Before setting out on this three week adventure, I researched the weather of Italy so we could bring appropriate clothing. I checked travel blogs, long range weather sites and checked historic weather data to see how cold, wet or warm it might get. We packed appropriately... or so we thought.
I learned that average daytime temps for most of Italy would be lower to mid seventies during the day and mid sixties to upper fifties at night. Nonsense.
For the last three weeks the weather has been amazingly warm... upper seventies to mid eighties in the day and rarely cooler than 65 at night.
Curiously, the Italians really think this is autumn, and admittedly we did see some grapevines dropping their leaves in northern Tuscany, up near Vinci... but that is near the mountains. It does get a little cool at night there. But everywhere we went, in the north or way down by the southern heel of Italy's boot, Italians dressed like it was winter, never mind fall. And scarves... most wear them. Day or night. Man or woman. During the evening passeggiata when we strolled in shorts and short sleeved shirts, everyone else wore the puffy vests and jackets or outright winter gear. Check out the pic... I was wearing a short sleeve shirt and sweating, these people were dressed for a cool, breezy autumn day!
The odd thing is, most people do sweat... I've seen it. "Why don't you take off that sweater, the sun is out and it's hot", I'd find myself thinking. Like the French, I don't think Italians are so much into daily showers or baths... thus the abundance of bidets in this country. And, like the French, they are into perfumes and colognes... no deodorant sprays, just piling on the cologne to cover up their sweatiness.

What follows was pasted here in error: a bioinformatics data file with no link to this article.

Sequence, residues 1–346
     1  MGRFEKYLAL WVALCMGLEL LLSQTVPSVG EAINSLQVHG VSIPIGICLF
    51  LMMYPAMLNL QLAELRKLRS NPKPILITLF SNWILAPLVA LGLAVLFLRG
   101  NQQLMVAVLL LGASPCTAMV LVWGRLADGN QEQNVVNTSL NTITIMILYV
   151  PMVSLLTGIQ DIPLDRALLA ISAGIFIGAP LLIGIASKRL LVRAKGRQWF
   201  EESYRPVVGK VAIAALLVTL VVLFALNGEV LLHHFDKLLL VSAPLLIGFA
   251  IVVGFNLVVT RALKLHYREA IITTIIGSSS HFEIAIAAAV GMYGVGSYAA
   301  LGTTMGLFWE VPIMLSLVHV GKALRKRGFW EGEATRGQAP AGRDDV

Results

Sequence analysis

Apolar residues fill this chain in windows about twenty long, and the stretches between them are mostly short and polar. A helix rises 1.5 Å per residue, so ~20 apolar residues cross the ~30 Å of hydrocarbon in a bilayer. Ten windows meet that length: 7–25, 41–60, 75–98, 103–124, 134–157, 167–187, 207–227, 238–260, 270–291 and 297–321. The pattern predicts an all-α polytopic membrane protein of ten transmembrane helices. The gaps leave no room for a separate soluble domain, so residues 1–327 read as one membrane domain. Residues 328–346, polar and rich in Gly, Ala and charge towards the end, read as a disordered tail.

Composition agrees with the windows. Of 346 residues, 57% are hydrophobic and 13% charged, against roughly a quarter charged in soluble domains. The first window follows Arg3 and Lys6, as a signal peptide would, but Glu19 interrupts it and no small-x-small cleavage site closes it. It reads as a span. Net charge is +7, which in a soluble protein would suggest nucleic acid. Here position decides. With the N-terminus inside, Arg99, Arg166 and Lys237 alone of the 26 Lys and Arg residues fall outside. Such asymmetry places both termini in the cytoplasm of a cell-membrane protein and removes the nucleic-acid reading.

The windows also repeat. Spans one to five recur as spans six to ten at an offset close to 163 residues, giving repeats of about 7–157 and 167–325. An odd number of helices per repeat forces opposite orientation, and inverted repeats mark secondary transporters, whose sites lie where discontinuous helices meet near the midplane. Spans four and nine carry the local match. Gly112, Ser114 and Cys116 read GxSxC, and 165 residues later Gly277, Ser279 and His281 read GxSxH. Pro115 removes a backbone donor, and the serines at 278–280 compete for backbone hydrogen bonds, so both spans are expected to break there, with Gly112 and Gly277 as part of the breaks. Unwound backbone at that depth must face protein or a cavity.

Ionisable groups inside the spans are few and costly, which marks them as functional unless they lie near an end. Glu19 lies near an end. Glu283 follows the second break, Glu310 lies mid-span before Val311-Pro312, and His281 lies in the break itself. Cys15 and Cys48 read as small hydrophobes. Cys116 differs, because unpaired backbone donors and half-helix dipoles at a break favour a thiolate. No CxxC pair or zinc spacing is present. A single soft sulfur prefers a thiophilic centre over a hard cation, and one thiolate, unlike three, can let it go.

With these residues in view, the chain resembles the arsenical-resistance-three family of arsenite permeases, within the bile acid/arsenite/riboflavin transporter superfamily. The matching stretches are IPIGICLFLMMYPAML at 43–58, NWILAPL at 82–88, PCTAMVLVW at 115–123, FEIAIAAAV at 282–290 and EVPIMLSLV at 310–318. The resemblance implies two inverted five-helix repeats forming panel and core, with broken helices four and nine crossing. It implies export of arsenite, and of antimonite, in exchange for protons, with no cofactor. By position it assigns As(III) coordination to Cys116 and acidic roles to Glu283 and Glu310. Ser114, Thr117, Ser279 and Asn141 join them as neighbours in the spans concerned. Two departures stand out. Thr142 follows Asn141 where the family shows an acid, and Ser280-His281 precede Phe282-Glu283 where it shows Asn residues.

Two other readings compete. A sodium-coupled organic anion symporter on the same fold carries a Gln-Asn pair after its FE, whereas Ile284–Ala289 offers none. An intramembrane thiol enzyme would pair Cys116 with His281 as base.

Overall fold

There are others who seem to have no functioning sweat glands. I've seen them too... usually when I'm sweating like a pig. Like this nice lady in a gift store near the Pantheon yesterday... We had bought a few things and while Lisa and Lucas waited outside, I was waiting for her to pack things up so I could pay. I kept mopping my brow and my shirt was sticking to me... and no air conditioning and very bright hot lighting in the store. And there she was, dry as a bone, happily fussing to the extreme with fancy wrapping, gift bags, and tying ribbons as Italians in chi-chi shops tend to do. No joke, while I stood there exuding bodily fluids, she spent the better part of ten minutes perfecting her little packaging gems... I was dying to get my fading consciousness out of that sweat shop and onto the street where the breeze of a speeding scooter might give a tiny bit of relief.
Needless to say, autumn does not exist here and we packed too many clothes for cooler weather. Lisa never got a chance to wear that wrap I bought her. My one corduroy shirt remained packed.
If you look at the latitude of Pennsylvania and Italy they are almost the same... but the weather sure isn't. By the time we get back home most of the leaves will have fallen, the best pumpkins picked. Italians don't know what they're missing.
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